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If you look at the Stata documentation for the official -melogit- command,
you'll see the difference:  its example of a three-level model has a *unique*
subject nested under a family.  Even with cross-classified random effects, each
of the two factors has a property of uniqueness (for example, in the classic
example of students nested in schools who transfer to other schools, both
students and schools are unique).

So, from your description of the circumstances, the model for -gllamm- would
look something like:

generate byte cons = 1
eq idc: cons
eq ids: segment
gllamm drivesf gender aldh2cent braccent segment, ///
    i(id) nrf(2) eqs(idc ids) ///
    family(binomial) link(logit) adapt 

You can find an analogous model (two-level logistic with a random slope) in the
examples for the study of contraceptive use in the documentation for the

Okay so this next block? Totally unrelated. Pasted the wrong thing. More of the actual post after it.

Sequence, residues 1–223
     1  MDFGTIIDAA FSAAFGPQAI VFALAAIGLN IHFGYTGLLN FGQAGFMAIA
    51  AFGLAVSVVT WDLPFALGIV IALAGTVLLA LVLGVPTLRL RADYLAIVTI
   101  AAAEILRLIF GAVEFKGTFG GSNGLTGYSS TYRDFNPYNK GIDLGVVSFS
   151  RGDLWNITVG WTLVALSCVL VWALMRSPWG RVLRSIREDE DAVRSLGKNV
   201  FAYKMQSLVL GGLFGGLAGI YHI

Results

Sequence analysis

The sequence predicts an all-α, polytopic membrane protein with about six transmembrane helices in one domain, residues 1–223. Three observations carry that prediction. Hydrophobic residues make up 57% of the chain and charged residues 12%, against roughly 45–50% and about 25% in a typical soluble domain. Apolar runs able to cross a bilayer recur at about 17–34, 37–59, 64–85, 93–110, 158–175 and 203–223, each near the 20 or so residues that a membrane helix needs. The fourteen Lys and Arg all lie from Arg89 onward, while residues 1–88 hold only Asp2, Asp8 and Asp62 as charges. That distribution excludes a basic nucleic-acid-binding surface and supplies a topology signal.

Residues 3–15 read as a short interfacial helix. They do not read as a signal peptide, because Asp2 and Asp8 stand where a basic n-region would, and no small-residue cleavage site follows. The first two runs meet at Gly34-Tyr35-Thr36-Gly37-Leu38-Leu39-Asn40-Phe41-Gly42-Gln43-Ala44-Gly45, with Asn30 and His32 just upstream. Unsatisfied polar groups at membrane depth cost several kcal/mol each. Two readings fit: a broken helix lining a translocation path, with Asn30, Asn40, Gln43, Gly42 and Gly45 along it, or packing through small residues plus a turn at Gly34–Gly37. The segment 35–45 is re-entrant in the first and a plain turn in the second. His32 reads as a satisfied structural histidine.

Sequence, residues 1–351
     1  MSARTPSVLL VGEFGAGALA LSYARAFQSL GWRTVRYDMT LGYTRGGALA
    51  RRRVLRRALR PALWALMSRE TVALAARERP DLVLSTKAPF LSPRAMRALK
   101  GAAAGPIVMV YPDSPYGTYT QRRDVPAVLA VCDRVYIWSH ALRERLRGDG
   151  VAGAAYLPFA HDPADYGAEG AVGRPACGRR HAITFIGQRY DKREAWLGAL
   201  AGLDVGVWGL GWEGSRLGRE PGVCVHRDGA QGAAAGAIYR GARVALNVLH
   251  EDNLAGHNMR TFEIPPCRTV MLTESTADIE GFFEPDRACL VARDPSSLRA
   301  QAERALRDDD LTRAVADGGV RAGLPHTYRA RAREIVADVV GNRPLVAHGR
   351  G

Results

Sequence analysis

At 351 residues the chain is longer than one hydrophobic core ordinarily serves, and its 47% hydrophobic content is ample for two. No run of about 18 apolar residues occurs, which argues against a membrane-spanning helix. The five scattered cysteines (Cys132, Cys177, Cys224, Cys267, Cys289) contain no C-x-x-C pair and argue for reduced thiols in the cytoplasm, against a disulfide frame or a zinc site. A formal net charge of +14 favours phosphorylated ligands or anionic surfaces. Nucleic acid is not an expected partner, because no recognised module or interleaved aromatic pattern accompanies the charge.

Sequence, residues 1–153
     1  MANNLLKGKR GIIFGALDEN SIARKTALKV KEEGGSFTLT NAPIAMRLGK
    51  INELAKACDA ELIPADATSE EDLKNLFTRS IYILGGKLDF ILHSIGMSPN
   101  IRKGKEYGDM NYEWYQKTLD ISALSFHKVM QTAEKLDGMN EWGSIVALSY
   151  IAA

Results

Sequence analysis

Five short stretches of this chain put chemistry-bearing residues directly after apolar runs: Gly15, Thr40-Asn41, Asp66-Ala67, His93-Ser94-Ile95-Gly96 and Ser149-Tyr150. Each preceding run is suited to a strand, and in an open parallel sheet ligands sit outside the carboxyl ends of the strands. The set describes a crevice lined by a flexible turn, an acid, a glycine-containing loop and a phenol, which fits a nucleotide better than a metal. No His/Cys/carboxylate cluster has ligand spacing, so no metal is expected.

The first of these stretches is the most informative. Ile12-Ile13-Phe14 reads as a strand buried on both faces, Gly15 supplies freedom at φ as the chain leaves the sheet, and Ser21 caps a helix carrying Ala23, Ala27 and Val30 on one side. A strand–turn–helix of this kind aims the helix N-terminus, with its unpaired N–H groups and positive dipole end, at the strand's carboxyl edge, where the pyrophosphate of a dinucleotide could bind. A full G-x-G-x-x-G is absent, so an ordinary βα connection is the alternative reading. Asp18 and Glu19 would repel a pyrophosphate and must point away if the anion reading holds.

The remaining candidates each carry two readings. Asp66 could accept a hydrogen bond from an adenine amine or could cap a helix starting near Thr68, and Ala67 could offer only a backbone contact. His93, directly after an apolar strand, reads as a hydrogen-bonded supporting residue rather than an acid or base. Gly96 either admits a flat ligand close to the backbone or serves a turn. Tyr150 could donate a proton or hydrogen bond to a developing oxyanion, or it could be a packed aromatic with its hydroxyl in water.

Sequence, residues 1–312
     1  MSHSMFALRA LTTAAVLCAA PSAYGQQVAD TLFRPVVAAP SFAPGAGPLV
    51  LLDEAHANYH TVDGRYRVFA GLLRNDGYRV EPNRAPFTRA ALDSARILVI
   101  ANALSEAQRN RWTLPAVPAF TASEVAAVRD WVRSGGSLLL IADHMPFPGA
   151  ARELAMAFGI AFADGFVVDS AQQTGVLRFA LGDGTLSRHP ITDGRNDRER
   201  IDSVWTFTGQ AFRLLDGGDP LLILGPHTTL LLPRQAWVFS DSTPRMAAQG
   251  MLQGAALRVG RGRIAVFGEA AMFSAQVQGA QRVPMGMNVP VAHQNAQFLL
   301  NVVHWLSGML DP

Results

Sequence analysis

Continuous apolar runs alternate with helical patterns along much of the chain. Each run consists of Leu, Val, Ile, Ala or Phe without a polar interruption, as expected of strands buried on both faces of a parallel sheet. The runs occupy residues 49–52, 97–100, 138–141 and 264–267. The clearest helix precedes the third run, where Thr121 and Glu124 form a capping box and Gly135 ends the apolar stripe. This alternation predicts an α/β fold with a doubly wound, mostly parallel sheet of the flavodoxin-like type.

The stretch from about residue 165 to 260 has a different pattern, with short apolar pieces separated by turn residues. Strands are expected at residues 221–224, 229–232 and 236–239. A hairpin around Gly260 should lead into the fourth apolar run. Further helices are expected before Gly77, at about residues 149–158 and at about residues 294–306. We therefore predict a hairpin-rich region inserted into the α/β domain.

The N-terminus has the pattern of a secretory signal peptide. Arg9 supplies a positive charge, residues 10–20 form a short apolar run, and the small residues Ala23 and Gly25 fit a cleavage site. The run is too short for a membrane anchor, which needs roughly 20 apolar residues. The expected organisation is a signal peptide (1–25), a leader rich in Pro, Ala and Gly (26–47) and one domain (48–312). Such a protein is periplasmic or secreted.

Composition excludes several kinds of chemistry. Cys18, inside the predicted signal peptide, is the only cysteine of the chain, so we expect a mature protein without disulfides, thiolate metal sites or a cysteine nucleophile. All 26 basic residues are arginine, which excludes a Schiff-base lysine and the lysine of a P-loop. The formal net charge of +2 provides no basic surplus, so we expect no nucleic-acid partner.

official -melogit-; take a look at how the variable "urban" is handled, for

melogit c_use urban age child* || district: urban, cov(unstruct)

You're probably aware that a sample size of 31 persons might be considered a
little lightweight for these kinds of methods; you might even have difficulty
with convergence.  I don't know what drivesf is, but if it's discretized, then
maybe you can leave it as continuous and use a fixed-effects linear model
(-xtreg , fe-) and take advantage of the small-sample test statistics that you
get with it for the difference between study segments.  (Time-invariant
variables, such as sex, will drop out of the fixed-effects model, but will
remain in the complementary -xtreg , be-.)

Joseph Coveney

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